Unwilling to act and ill-prepared for consequences

Relentless floods in Qld and NSW, disastrous bushfires before them, and the never-ending Covid pandemic have exposed government complacency and unpreparedness.

The Prime Minister says the floods in NSW and Qld are one-in-500-year climate ‘events’ when it is clear that these disasters are now much more frequent, as predicted. Pretending they won’t occur again for 1000 years, as the NSW premier, suggested is pure fantasy.

We cannot say we were not warned of this decades ago. Successive governments have ignored the evidence, exposing the country to the very high cost of climate change – in lives, property loss, and nature. 

Australia is not coping with these cascading disasters.

Many made homeless by the bushfires are still in caravans and tin sheds. Government plans for adapting to climate change barely exist. 

Chair of the Climate Change Adaptation and Resilience Research Network, Prof Barbara Norman, says Australia is ranked last out of 54 nations on its strategy to cope with climate change. She says Australia lacks even the most basic policies and plans, including:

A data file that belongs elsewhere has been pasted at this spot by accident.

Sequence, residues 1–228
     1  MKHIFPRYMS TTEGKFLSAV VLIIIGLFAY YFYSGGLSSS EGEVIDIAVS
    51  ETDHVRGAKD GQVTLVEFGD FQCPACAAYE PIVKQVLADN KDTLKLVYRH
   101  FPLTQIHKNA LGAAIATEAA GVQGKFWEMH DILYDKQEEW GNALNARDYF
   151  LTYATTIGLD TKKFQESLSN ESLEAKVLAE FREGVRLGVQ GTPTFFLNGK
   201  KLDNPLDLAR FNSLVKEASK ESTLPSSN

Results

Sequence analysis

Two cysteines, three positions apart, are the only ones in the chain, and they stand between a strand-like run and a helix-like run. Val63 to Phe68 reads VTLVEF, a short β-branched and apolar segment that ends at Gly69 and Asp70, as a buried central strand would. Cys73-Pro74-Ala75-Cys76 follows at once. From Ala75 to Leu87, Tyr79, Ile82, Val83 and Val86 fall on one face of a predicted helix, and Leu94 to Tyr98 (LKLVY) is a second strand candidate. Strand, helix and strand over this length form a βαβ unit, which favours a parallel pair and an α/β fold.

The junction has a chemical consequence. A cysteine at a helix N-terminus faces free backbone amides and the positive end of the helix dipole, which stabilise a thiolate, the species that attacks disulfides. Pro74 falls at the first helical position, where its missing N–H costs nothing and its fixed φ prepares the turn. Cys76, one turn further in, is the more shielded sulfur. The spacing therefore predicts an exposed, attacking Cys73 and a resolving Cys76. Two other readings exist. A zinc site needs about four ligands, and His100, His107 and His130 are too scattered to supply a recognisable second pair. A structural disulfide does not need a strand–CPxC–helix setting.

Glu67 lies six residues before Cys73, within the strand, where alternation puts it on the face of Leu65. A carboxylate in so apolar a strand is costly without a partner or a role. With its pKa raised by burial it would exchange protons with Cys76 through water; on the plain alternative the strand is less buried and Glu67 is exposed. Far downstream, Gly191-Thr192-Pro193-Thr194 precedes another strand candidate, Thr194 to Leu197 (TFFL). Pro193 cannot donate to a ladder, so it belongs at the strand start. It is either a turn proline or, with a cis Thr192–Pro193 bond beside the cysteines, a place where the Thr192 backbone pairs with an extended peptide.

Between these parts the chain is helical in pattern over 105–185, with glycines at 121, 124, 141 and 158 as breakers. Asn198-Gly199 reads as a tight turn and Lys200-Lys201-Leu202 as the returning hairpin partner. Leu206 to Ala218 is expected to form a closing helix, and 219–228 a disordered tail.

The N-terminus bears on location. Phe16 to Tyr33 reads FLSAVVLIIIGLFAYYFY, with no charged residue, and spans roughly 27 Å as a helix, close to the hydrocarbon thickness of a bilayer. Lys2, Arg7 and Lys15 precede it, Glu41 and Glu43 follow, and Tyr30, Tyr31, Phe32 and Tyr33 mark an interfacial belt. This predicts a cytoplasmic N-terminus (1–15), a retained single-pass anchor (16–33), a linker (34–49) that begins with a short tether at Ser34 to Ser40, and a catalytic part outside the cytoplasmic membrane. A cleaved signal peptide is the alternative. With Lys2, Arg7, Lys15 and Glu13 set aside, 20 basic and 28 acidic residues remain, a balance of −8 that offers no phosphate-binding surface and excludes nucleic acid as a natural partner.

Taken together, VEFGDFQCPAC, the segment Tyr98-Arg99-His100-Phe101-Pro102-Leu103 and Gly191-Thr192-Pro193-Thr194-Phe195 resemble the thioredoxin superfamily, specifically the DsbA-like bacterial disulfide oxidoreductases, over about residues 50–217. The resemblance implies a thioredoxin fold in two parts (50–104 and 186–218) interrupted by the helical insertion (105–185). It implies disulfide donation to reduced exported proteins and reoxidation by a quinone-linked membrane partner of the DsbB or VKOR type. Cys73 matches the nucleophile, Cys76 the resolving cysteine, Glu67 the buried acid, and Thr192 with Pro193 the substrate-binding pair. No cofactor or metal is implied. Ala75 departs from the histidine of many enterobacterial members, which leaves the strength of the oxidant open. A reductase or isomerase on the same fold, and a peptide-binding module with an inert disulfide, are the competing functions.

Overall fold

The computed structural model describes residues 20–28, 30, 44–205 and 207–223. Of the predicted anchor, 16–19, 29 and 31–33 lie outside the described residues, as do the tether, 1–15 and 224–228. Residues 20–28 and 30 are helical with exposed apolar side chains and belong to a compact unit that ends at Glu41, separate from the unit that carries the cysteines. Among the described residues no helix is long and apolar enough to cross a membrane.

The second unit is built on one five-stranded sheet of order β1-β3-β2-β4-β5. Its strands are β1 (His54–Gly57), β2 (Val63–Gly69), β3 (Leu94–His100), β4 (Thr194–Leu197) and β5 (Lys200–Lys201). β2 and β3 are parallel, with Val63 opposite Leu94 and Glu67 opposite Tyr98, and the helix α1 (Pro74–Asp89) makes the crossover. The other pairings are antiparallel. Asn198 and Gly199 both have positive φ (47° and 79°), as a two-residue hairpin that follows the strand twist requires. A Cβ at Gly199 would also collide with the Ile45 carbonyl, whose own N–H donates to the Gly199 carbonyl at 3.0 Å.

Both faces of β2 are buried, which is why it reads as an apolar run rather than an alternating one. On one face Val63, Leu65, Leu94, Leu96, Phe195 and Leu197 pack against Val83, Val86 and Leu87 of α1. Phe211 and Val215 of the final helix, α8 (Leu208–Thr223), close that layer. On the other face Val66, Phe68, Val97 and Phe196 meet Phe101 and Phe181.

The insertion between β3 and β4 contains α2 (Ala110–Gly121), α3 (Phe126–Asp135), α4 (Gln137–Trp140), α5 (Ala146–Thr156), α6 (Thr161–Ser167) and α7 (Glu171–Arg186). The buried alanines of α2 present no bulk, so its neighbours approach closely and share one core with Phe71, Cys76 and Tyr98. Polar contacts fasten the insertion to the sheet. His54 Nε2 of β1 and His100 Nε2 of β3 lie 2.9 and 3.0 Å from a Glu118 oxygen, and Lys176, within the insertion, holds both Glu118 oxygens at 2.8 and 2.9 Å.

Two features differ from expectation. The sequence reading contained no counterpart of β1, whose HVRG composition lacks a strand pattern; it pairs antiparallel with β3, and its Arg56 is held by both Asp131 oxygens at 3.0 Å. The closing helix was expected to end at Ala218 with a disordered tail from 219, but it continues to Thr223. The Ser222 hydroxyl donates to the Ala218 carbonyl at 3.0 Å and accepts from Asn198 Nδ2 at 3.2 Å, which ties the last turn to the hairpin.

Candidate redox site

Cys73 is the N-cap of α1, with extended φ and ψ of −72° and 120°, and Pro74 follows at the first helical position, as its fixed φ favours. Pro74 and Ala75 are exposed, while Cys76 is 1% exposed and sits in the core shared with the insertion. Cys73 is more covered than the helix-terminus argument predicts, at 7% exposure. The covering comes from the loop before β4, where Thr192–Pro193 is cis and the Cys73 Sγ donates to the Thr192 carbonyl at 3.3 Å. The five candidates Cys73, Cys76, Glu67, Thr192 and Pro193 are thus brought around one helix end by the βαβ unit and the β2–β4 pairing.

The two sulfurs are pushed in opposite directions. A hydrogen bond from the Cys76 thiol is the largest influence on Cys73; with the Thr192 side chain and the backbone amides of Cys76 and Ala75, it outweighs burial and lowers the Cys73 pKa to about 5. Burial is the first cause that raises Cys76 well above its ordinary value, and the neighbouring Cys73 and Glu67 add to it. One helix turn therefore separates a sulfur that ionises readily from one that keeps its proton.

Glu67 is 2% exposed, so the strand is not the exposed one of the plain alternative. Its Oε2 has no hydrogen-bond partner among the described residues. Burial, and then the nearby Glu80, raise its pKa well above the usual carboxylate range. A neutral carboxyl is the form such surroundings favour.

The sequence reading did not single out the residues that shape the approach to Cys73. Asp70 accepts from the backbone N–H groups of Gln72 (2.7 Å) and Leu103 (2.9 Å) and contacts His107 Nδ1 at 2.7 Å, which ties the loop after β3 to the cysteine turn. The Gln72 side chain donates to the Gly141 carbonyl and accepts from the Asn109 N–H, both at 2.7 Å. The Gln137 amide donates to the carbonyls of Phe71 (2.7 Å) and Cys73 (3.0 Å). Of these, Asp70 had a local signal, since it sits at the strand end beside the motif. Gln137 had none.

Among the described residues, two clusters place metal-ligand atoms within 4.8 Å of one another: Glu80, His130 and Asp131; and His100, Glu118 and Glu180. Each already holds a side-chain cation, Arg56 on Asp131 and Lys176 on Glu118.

• no national coastal plan for coastal erosion and inundation
  • no national urban policy for climate-resilient development
  • no national requirement for climate change to be considered in urban and regional land-use plans
  • no funded national support program for urban and regional communities to adapt to current and future climate risk.

Read more here in The Conversation.

We could have moved much earlier and faster on shifting to renewable energy, shown leadership instead of pretending coal, oil and gas would burn forever in propping up the economy and vested interests.

Urban planning should have anticipated climate change and, for instance, limited development on flood plains and in fire-prone areas. There is now a diabolical problem in insurance becoming unaffordable and a question of who pays for rebuilding.

Photos ABC

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